By  on January 3, 2012

WASHINGTON — Federal authorities said Tuesday they have seized $350,000 worth of fake sports merchandise from international mail facilities and local street vendors in Philadelphia, where the National Hockey League held its annual Winter Classic on Monday.

The counterfeit bust, which snagged a total of 1,649 bogus products, took place in the run-up to the outdoor game at Citizens Bank Park, where the New York Rangers defeated the Philadelphia Flyers 3-2.

U.S. Immigration & Customs Enforcement’s Homeland Security Investigations unit, working in conjunction with Customs and Border Protection officials, the Philadelphia Police Department’s Major Crimes unit and the NHL, launched an investigation on Dec. 28 and seized 150 international mail parcels and investigated nine local vendors during the course of the operation.

The vast majority of merchandise seized was illegally labeled Winter Classic jerseys, said John P. Kelleghan, special agent in charge of ICE HSI in Philadelphia.

In addition to bogus NHL merchandise, ICE officials seized counterfeit merchandise bearing trademarks from the National Football League, Major League Baseball, the National Basketball Association and the National Collegiate Athletic Association.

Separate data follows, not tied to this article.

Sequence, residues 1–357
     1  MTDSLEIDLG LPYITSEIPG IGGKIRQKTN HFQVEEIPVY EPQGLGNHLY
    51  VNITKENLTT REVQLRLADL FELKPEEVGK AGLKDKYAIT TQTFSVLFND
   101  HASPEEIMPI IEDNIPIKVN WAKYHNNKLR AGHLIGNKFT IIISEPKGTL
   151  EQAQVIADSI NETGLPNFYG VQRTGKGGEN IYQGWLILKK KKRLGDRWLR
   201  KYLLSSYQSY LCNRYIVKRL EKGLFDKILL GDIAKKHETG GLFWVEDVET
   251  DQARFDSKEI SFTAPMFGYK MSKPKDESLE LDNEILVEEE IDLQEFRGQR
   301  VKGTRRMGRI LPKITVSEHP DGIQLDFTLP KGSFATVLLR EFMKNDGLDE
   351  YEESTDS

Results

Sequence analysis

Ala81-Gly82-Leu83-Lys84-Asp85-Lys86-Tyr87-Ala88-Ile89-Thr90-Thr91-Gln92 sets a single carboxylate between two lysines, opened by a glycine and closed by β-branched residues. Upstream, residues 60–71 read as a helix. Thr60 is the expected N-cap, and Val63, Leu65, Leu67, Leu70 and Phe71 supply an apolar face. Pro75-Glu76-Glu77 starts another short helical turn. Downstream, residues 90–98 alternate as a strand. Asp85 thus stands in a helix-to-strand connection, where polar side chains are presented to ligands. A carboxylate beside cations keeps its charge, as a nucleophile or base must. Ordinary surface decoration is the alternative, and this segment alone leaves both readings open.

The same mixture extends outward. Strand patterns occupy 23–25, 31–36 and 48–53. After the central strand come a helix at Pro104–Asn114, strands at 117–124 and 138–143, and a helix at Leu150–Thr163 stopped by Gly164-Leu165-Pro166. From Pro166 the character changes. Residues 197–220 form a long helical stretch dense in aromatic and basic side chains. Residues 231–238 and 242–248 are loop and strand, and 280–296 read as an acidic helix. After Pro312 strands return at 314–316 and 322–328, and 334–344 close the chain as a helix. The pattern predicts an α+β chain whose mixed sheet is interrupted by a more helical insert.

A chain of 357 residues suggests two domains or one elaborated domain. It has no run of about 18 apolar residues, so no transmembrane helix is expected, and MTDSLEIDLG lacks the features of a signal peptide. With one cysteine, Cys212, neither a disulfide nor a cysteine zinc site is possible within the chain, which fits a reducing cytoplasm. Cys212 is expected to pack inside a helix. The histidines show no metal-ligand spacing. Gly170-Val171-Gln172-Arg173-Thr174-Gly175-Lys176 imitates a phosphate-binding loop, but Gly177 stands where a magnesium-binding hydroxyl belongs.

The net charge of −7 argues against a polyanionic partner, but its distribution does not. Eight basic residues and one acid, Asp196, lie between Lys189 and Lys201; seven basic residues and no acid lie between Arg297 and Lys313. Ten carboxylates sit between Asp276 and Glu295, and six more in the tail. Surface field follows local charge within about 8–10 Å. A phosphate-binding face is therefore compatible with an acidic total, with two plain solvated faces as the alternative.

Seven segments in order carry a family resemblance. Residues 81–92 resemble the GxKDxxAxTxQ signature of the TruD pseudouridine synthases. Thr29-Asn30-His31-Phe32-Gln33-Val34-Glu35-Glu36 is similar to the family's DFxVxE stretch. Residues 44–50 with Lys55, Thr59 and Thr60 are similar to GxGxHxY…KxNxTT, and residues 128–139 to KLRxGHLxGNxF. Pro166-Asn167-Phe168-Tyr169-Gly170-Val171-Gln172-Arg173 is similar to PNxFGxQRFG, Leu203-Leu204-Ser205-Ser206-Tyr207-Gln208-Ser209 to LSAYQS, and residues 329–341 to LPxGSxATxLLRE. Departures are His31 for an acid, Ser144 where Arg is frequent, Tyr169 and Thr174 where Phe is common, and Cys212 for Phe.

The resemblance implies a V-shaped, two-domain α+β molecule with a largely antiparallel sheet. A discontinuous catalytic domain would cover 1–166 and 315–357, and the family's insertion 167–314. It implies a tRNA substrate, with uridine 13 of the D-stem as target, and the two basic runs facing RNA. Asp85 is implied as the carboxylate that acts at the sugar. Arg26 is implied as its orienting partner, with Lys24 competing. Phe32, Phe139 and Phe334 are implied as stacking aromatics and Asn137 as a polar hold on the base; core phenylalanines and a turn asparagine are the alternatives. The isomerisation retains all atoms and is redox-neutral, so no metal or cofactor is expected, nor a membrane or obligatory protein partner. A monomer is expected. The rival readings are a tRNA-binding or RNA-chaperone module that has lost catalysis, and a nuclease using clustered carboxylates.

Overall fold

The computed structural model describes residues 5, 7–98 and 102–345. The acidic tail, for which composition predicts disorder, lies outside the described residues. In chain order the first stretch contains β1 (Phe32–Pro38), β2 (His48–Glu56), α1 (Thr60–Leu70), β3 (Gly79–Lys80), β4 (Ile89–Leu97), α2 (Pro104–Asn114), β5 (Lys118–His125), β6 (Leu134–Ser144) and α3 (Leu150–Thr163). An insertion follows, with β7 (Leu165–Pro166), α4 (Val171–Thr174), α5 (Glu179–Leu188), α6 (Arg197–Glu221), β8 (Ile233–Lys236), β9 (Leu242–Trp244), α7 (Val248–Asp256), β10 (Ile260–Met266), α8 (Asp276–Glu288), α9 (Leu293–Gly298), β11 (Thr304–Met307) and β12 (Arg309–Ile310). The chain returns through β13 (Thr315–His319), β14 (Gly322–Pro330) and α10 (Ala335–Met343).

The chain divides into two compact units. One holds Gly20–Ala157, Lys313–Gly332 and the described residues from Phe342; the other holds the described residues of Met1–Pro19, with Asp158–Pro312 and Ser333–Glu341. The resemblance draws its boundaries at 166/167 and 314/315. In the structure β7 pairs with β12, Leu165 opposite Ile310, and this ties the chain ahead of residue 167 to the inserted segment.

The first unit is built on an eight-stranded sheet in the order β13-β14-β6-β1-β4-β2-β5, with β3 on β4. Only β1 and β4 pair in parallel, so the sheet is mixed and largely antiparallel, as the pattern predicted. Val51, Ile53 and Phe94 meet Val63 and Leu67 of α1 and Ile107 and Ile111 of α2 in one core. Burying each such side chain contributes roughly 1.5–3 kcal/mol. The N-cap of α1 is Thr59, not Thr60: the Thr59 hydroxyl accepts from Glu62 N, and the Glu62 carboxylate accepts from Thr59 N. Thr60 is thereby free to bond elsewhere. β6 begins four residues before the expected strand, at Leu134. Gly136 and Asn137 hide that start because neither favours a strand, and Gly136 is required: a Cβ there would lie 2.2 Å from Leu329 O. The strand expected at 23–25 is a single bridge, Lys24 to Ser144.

“Vendors who sell counterfeit goods to unsuspecting sports fans will be held accountable,” said Kelleghan. “These vendors sell inferior items, tarnishing the reputation of trademark holders like the NHL. Counterfeit goods also cost U.S. industries billions of dollars in losses each year.”

Kelleghan said ICE and Customs officials inspected international parcels as they entered the U.S., primarily by aircraft, in Philadelphia. He added that the majority of parcels were shipped to Philadelphia from China. Officials are continuing their investigation into who shipped the bogus goods from China and who was set to receive them in Philadelphia.

“This investigation was based on lessons we have learned in the past,” Kelleghan said. “We are finding that [counterfeiters] are using international mail to expedite products coming into the U.S., mostly from China.”

Officials also targeted vendors selling merchandise outside the venue and seized counterfeits from nine of them. No arrests have been made yet, Kelleghan said.

Officials also warned consumers about purchasing sports merchandise from random Web sites unless they are the domain of legitimate sports teams or leagues. Merchandise should have a hologram sticker or hangtag and a sewn-in or screen-printed neck label identifying an authorized licensee.

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